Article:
In the 19th century, California was a young state. Though nurserymen flocked to the region, especially to the Sacramento and San Jose areas, they primarily cultivated garden produce, ornamental plants, and fruit—olive trees, fig, plum, citrus, and grapes. Roses, they imported.
In 1873, Colonel James Warren, the first editor of California Farmer and a former Boston nursery owner, lamented that Californians were too dependent on imported roses and needed to develop their own. Warren may not have been aware that a San Francisco nurseryman, Harry Sonntag of Pacific Nursery, had produced several rose seedlings that he exhibited in 1858. Although the State Agricultural Society praised these roses for their rare beauty, we do not know what became of them.
Not until about 35 years after the 1849 Gold Rush did Californians begin to breed and propagate their own roses. Even so, production was small. Between 1880 and 1900, only eleven new roses were introduced to the public. Of those eleven, four are still in commerce.
Nurseryman Edward Cooper Gill (1840–1909), whose great love was roses, introduced ‘Sarah Isabella Gill’. Gill founded the E. Gill Nursery in 1866, and by 1889 he had purchased 104 acres southwest of Albany near Berkeley on San Pablo Avenue. Gill described the yellowish tea rose in his 1884 catalog as “Outer petals cream, tinted with pale carmine, fawn center.” Tea roses, like hybrid perpetual roses, are predecessors to hybrid teas. Still offered for sale in 1904, ‘Sarah Isabella Gill’ was California’s first commercial rose, and the state’s first tea rose.
Undervalued for his role in the early California rose world, Gill was the first to successfully breed, propagate, and sell his own roses. The 1889–90 Gill catalog lists around 300 rose varieties—his rose grounds in Edenvale (along the Monterey highway to San Jose) must have been enormous. He supplied nurseries statewide with his roses including Charles Abraham’s Western Nursery, California Rose Company, the Clarke Brothers, Thomas Cox, Howard & Smith, C.C. Morse, Charles Navlet, Stephen Nolan, George Roeding, Kate Sessions, Louis Stengel, John Turnbull, and others.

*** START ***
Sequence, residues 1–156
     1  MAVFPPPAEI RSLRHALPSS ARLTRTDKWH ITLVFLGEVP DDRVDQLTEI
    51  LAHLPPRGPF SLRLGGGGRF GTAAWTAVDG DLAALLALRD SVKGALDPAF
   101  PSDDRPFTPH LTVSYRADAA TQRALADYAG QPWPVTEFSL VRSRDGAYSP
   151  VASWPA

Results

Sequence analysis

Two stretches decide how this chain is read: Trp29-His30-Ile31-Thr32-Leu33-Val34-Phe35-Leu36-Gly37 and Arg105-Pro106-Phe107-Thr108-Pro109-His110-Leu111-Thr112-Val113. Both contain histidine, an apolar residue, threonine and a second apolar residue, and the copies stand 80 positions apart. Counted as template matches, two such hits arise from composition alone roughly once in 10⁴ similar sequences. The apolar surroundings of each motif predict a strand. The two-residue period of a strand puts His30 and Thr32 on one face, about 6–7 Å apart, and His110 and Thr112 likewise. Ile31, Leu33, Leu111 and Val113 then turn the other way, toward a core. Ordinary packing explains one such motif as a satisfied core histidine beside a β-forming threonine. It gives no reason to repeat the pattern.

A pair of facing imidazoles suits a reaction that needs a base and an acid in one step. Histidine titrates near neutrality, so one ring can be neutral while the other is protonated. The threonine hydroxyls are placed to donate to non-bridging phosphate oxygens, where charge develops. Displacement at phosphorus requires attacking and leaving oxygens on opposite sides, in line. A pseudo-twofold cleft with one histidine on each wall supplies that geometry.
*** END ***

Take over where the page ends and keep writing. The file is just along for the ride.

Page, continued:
Gill’s work with roses did not stop with ‘Sarah Isabella Gill’. In 1889, he introduced California’s first hybrid perpetual rose, ‘Mrs. Cleveland’, named for the First Lady at the time. A short plant with rich, velvety red blooms, Gill extolled the new rose in his 1889–90 catalog, describing it as similar to the famous ‘General Jacqueminot’ rose “but of a more pronounced color.” The Gill nursery was still offering ‘Mrs. Cleveland’ in 1916, so it was available for at least a quarter of a century.
Another rose introduced in 1889 competes for the title of California’s second cultivated rose. John H. Sievers, of Metropolitan Nursery in San Francisco, introduced a “clear pink striped with carmine pink and blush” tea rose developed from a sport of the rose ‘Papa Gontier’. He named the introduction ‘Rainbow’; it remains California’s oldest surviving cultivated rose.
In the 1870s, John Sievers and Frederick A. Miller operated a commercial nursery on Post Street in San Francisco as well as Exotic Gardens and Conservatories, a public venue, on the 1700 block of Mission Street. When Miller opened his own nursery, Sievers begin to focus more on roses; his entries frequently won first prize and gold medals in floral competitions. His 1886 catalog listed what Sievers considered the best 25 rose varieties available, most of them hybrid perpetuals—all imported. His later catalogs include ‘Rainbow’.
Sievers went on to produce ‘Improved Rainbow’, but apparently the improvement was not obvious, for after several years it vanished from the market. ‘Rainbow’, on the other hand, can still be purchased from five or six nurseries in the United States. It’s a treasure in my garden.